Crowdfunding platforms don’t help themselves
After the high-profile failure of the Zano back in 2015, Kickstarter commissioned a report to find out where it had all gone wrong. These platforms are making huge sums of money by connecting backers and dreamers, and more transparency like this is needed. Unfortunately, as long as crowdfunding platforms prioritize profit over innovation (which will always be the case), this is unlikely to change. The current model will continue to encourage startups to make bold claims and exaggerate outcomes in the hope of generating more funds.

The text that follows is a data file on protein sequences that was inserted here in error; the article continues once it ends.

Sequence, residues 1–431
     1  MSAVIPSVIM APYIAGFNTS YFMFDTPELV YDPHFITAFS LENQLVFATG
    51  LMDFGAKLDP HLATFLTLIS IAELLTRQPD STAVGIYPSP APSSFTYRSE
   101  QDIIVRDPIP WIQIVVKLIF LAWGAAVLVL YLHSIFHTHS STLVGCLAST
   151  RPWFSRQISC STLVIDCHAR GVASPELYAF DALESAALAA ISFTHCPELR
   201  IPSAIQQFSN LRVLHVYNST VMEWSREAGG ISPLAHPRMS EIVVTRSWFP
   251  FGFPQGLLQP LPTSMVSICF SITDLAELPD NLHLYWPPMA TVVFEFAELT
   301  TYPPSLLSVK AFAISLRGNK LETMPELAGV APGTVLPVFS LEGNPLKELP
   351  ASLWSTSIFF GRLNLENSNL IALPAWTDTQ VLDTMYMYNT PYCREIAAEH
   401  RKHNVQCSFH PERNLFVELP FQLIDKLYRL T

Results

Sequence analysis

So what can we take from the failures of crowdfunded drone projects?
- A tougher vetting process for startups is needed, especially with regards to capacity and capability.
- Crowdunding platforms need to make campaigns more accountable and realistic.
- Backers need to be better educated on the risks involved.
- There’s a gap in the market for a more ethical crowdfunding platform that provides a place for startups to raise money without encouraging them to exaggerate potential.
- Platforms should consider having an upper limit on campaign goals, avoiding the potential for exciting ideas to be overwhelmed with expectation and pre-orders.
Have you had an experience of crowdfunding in the drone industry? – good or bad, let us know below.